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Davide Mauri

A place for my thoughts and experiences the Microsoft Data Platform


While preparing my slides e demos for the forthcoming SQL Server Conference 2012 in Italy, I’ve come across a nice addition to DTS Expression language which I never noticed before and that seems unknown also to the blogosphere: REPLACENULL.

REPLACENULL is the same of ISNULL in T-SQL. It’s *very* useful especially when loading a fact table of your BI solution when you need to replace unexisting reference to dimension with dummy values.

Here’s an example of how it can be used (please notice that in this example I’m NOT loading a fact table):


I’ve noticed that the feature was requested by fellow MVP John Welch

So: Thanks John and Thanks SSIS Team Smile!

Ah, btw, the Help online is here


Published Wednesday, March 21, 2012 8:00 PM by Davide Mauri
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Tony said:

Cool. There seem to be lots of nice things in 2012 that aren't getting much attention - the other day I found in books online that 2012 now supports online index operations for LOB columns! I think thats huge, but I've not seen it mentioned anywhere.

March 21, 2012 7:29 PM

jamiet said:

March 22, 2012 8:29 AM

Charles Kincaid said:

Nice.  Available in SSIS only, is it.  Pity.  Would be very nice in T-SQL as well.  REPLACENULL is a bit more obvious than COALESCE.  At least to me it is.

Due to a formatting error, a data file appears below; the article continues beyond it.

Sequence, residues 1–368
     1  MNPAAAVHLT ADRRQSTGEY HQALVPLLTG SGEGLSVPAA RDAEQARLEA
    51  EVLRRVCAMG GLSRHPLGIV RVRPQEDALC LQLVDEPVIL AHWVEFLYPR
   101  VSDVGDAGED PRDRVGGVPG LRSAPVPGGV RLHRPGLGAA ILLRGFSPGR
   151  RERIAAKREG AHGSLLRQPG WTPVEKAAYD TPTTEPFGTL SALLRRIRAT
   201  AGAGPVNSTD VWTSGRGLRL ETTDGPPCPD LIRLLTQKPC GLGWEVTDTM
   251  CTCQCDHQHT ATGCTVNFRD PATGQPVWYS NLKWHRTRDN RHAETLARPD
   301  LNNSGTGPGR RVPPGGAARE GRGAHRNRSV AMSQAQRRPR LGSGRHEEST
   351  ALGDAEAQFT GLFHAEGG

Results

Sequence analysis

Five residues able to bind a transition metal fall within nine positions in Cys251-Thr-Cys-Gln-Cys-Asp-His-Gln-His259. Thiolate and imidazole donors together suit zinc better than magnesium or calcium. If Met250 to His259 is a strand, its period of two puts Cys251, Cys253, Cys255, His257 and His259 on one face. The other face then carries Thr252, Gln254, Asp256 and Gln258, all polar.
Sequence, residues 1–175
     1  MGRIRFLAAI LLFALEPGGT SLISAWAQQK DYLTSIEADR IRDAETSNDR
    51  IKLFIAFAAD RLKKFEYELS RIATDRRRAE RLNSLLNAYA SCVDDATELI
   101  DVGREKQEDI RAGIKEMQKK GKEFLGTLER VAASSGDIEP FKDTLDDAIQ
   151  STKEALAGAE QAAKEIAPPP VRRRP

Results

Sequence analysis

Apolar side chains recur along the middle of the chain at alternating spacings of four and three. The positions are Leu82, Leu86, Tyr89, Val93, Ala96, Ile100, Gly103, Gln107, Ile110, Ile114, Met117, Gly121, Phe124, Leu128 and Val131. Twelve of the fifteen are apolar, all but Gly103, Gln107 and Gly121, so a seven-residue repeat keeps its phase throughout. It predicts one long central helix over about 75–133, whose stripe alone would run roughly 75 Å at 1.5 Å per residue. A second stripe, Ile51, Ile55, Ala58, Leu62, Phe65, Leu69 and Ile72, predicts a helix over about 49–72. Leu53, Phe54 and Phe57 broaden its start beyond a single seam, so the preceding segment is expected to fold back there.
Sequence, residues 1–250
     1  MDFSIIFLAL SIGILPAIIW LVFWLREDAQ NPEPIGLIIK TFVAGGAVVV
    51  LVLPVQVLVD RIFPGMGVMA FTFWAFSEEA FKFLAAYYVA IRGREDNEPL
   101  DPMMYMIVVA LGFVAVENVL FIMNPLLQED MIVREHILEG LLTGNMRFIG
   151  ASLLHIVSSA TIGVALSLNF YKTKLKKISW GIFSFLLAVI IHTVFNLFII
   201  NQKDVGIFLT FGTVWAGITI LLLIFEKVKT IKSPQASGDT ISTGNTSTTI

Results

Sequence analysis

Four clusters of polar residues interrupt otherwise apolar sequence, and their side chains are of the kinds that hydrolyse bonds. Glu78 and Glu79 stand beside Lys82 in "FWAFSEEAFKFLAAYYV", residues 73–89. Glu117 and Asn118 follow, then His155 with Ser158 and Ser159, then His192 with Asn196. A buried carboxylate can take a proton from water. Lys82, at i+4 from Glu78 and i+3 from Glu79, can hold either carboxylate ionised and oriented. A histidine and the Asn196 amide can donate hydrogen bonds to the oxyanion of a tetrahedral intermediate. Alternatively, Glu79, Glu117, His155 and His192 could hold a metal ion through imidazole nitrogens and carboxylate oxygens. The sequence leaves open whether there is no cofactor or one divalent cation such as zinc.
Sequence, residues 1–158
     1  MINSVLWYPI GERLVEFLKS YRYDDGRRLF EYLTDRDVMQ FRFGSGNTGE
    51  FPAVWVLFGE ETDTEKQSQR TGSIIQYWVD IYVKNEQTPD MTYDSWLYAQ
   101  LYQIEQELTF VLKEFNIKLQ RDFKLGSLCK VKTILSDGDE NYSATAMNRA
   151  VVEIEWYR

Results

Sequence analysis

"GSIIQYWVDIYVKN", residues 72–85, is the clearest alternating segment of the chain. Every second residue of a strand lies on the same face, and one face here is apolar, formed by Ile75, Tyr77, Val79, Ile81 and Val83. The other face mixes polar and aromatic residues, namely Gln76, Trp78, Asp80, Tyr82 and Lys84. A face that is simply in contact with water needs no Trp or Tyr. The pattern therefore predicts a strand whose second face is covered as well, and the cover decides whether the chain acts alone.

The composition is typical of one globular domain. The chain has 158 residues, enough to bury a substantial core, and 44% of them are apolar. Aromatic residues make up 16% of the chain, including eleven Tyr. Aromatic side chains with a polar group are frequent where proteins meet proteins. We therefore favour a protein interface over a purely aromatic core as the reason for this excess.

March 26, 2012 9:14 PM

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About Davide Mauri

Director of Software Development & Cloud Infrastructure @ Sensoria, an innovative smart garments and wearable company. After more than 15 year playing with the Microsoft Data Platform, with a specific focus on High Performance databases, Business Intelligence, Data Science and Data Architectures, he's now applying all his skills to IoT, defining architectures to crunch numbers, create nice user experiences and provide meaningful insights, all leveraging Microsoft Azure cloud. MVP on Data Platform since 2006 he has a very strong background development and love both the ER model and OO principles. He is also a fan of Agile Methodology and Automation, which he tries to apply everywhere he can, to make sure that "people think, machines do".

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